Each year millions of children will hang collection boxes on their desks and give each other cards; men will rush frantically to local flower shops to pick the last remaining roses and women will spend the day fantasizing about what romantic escapade they will embark upon. The tradition of giving tokens of affection on February 14 may seem like a well planned marketing scheme, but actually its origins date back more than 2,000 years and are steeped in mystery.
According to research done by the History Channel there are a few stories that relate to Saint Valentine, with the Catholic Church recognizing at least three different saints named Valentine or Valentinus.
The centralizing theme with all of the saints and their stories revolves around a sacrifice for love.
One legend describes Valentine as a priest during the third century in Rome who defied the Emperors decree banning marriage.
The ban was ordered because Emperor Claudius II felt that single men made better soldiers, and when Valentine’s secret marriages were discovered, he was put to death.
A second popular tale piggybacks with the first and suggests that Valentine fell in love with the jailer’s daughter while in prison for the afore-mentioned crime.
According to theholidayspot.com Valentine possessed saintly abilities, which allowed him to heal people and he used these powers to heal the daughter who was blind.
Before Valentine was executed, he reportedly wrote a note to the daughter, which was signed “From your Valentine.”
His execution was said to have taken place on February 14, 270 AD. Valentine was martyred for refusing to renounce his religion and the date of his death became a day for all lovers.
A more controversial idea behind the origins of Valentine’s Day deals with the conversion of pagans and the power of the Christian Church.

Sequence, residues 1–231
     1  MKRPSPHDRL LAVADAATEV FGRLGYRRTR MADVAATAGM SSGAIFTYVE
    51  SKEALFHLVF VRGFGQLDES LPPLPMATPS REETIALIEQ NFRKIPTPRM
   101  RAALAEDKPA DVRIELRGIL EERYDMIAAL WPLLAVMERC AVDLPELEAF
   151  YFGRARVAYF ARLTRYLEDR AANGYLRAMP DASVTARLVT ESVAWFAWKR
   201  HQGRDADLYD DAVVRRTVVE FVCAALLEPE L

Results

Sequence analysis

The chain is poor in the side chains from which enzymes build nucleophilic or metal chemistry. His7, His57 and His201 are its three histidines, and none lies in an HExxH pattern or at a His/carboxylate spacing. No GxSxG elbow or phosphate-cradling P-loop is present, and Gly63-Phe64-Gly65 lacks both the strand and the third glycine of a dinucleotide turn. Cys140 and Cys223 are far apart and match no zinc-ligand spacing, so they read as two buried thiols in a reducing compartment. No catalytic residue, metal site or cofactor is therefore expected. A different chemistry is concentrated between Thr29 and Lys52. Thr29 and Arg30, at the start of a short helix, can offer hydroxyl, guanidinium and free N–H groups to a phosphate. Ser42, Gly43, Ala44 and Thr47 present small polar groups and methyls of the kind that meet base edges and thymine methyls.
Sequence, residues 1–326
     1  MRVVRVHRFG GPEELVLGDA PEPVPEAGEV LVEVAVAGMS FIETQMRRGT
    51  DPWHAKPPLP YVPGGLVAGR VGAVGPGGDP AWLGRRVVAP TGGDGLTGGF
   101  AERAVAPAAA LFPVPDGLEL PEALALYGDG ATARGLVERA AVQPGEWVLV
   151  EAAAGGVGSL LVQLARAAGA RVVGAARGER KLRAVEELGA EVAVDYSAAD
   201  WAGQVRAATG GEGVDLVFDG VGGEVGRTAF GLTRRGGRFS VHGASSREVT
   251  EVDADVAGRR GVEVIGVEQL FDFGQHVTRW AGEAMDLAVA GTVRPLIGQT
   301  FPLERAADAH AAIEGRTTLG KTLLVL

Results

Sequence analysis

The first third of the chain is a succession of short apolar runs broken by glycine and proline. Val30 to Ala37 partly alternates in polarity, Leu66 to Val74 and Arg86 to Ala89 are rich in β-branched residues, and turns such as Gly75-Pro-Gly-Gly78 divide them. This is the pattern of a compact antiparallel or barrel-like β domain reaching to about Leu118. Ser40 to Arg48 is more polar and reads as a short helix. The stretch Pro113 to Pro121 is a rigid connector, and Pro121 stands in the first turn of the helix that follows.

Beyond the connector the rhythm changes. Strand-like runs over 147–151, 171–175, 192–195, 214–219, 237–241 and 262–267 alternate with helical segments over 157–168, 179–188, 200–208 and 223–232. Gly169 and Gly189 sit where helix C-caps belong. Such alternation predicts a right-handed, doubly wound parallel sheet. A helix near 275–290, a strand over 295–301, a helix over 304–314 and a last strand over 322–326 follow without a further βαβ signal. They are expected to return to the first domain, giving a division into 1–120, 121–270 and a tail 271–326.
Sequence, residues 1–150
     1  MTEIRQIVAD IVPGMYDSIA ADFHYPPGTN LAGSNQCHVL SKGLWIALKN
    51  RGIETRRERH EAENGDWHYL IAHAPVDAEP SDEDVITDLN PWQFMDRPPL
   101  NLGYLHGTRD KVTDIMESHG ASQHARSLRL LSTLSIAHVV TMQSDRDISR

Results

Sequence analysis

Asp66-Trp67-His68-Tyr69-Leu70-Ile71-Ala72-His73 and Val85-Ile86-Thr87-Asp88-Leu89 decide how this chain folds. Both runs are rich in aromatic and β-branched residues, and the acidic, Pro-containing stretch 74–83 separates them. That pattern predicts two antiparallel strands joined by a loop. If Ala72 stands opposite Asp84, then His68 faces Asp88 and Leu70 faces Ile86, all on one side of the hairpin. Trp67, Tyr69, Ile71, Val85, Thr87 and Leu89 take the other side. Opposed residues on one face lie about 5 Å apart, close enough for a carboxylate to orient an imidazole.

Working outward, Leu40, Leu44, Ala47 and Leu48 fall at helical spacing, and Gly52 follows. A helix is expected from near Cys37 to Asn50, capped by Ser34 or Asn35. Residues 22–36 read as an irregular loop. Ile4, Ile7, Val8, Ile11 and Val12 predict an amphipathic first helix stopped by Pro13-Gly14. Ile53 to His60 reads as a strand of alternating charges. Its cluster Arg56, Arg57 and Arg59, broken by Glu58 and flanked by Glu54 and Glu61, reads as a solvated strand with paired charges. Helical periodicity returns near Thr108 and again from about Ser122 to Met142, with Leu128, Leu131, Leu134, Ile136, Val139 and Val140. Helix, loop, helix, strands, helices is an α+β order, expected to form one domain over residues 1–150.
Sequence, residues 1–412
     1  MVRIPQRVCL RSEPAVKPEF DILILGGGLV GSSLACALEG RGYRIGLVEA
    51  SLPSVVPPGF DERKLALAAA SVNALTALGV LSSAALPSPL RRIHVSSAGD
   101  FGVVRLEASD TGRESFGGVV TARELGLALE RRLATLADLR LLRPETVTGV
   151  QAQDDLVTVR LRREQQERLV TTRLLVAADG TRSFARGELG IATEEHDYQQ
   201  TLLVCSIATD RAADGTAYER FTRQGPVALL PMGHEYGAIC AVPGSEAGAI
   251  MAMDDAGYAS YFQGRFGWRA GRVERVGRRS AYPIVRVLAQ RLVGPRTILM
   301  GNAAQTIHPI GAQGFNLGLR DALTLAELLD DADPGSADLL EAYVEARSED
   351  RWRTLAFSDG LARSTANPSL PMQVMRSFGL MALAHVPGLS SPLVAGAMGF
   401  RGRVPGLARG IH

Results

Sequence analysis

The History Channel reports that the decision to celebrate Valentines Day in the middle of February was an effort to Christianize the pagan’s Lupercalia festival.
The festival, which celebrates the official beginning of spring, was a time for purification. Romans cleaned their houses and sprinkled salt and spelt, a type of wheat, throughout their homes.
“Lupercalia, which began at the ides of February, February 15, was a fertility festival dedicated to Faunus, the Roman god of agriculture, as well as to the Roman founders Romulus and Remus.”
According to theholidayspot.com, “in 496 AD, Pope Gelasius turned Lupercalia into a Christian feast day and set its observance a day earlier, February 14. He proclaimed February 14 to be the feast day in honor of Saint Valentine.”
As with most traditions they sometimes tend to change over the years, and if the legends are true then Valentines Day has had plenty of time change.
Did you know:
- According to the Nielsen Company, more than 58 million pounds of chocolate candy will be sold during Valentine’s week. By comparison, nearly 90 million pounds of chocolate candy is sold during Halloween week.
- 85% of all Valentine cards are bought by women.
- 73% of flowers are bought by men, and only 27% by women.
- 15% of Americans send flowers to themselves on Valentine’s Day.
- In Japan, February 14 is a day when women buy gifts for their men.
- Teachers will receive the most Valentine’s Day cards, followed by children, mothers, wives, and then, sweethearts.
- Children ages 6 to 10 exchange more than 650 million Valentine’s cards with teachers, classmates, and family members.
- Wearing a wedding ring on the fourth finger of the left hand dates back to ancient Egypt, where it was believed that the vein of love ran from this finger directly to the heart.
- The red rose was the favorite flower of Venus, the Roman goddess of love.
- The Taj Mahal in India, was built by Mughal Emperor Shahjahan as a memorial to his wife. Work on the Taj Mahal began in 1634 and continued for almost 22 years and required the labor of 20,000 workers from all over India and Central Asia.